Holiday Traditions Throughout History

Christmas is rooted in tradition, from buying and wrapping gifts to drinking eggnog by the fire. But have you ever stopped to think about what the history of each tradition is? Many of the traditions we still enjoy today started more than a century ago. Getting to know the history of your favorite holiday traditions makes them even more special. We’ve taken a trip down memory lane to find out just where our wonderful holiday traditions started.


Gift Wrapping

As you’re wrapping up the last of the gifts for loved ones this year, think about those families centuries ago doing the same thing. It all began in Ancient China in the 2nd Century, when government officials received money in wrapping paper made from hemp, bamboo fibers, and rice straws.  Here in the west, gift wrapping was a little slower to catch on, becoming a nice way to accompany Christmas cards in the 1860s.

Baking Cookies

Baking for the holidays dates back to the Winter Solstice festivals that have been around for most of known history. Dessert was a part of the feasts that marked the end of harvest season, and spicy baked goods were a luxury that families only enjoyed during these festivals. Of course, baking looked a lot different back then! Baking our holiday cookies this year we’ll be reminded of what a blessing our ovens have become.

Christmas Stockings

Those beautiful puffy-painted or traditional-style stockings hanging from your mantle have perhaps the most interesting history of all. As legend tells it, Saint Nicholas visited a penniless nobleman’s home on Christmas to find stockings hanging by the fireplace to dry. Saint Nicholas filled the stockings with coins, which gave the nobleman’s daughters the dowry they needed to get married. Hence, the tradition of filling our stockings with little gifts for the family.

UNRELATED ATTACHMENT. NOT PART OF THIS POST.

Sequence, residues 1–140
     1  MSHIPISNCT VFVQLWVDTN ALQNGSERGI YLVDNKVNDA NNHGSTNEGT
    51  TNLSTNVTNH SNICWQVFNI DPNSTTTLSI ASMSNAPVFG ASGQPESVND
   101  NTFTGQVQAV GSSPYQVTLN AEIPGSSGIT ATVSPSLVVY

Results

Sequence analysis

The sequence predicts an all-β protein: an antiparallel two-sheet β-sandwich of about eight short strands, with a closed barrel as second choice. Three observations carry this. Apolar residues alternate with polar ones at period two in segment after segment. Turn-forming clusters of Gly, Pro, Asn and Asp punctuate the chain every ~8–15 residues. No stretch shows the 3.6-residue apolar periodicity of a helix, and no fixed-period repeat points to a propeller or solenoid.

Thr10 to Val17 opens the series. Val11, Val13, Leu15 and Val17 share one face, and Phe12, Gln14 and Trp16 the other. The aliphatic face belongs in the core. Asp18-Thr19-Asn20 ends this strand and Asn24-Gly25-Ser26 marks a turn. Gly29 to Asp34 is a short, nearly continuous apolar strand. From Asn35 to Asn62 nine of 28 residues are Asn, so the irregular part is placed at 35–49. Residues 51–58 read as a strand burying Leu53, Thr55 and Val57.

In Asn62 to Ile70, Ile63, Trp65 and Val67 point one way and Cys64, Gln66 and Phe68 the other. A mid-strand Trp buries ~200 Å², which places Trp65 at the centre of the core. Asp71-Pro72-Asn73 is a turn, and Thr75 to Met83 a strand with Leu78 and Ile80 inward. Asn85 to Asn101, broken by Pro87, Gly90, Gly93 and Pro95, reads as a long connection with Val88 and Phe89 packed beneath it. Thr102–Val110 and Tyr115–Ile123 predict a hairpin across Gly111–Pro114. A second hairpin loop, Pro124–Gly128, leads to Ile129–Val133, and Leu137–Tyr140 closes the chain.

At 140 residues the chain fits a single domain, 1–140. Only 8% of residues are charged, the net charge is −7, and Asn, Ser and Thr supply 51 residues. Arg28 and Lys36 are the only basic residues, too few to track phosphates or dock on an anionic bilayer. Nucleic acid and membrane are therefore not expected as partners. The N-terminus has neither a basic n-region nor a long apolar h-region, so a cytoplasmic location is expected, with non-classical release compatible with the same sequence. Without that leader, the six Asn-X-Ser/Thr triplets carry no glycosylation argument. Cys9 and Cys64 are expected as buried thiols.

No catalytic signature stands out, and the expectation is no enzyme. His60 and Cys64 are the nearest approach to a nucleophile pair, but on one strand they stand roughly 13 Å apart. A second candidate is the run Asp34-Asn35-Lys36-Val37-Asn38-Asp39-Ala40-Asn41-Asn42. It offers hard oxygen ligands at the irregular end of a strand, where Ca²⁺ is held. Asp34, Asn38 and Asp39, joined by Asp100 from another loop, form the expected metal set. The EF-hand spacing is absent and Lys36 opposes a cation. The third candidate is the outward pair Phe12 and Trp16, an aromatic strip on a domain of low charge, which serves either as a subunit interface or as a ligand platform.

Christmas Carols

If you live in one of the few neighborhoods remaining where carolers knock on your door this month, think of the history of the songs they’re singing. Carolers can also be seen at Christmas events this month! Many of the songs were written in Latin, only to begin being associated with Christmas in the 13th century. Roman Catholic Saint Francis of Assisi is said to have been the one to begin including these hymns in Christmas services, which later led to well-wishers bringing them to communities in the form of caroling.  These songs have been spreading Christmas cheer for centuries!

Christmas Trees

It may seem like an odd tradition, but bringing a tree into the home dates back to the Middle Ages when Germans and Scandinavians used trees to show their hope in the spring season to come. That eventually evolved to the Christmas tree traditions we see today, with Germans bringing it to America when they stayed here after the Revolutionary War. The decorations came in the early 20th century when Americans began making homemade ornaments and popcorn strings to liven up the trees.

Eggnog

The delicious milky drink you either love or hate has been traced back to 13th-century Europe when monks drank something called posset. Posset was made from figs and eggs, which likely eventually became the milk and wine punches that later became popular. By the 17th century, posset had evolved to a milky drink mixed with sherry that was used to toast to health and prosperity.

Christmas Bells

Throughout history, churches have used bells to signal important events, but this particular festivity has continued at Christmastime. St. Patrick is credited with starting the church bell tradition, reportedly used a bell to gather Irish people together to worship. Over time, the bell became associated with church events and today, bells have become heavily associated with Christmas church services.

Whether you’re celebrating historic traditions or starting your own, taking some time to reflect on the history of Christmas can enrich everything you do. In the end, it’s the time you spend with loved ones that are most important. Wishing you a very happy holiday season from our family to yours.

Topics: Featured

Walker Methodist

Written by Walker Methodist

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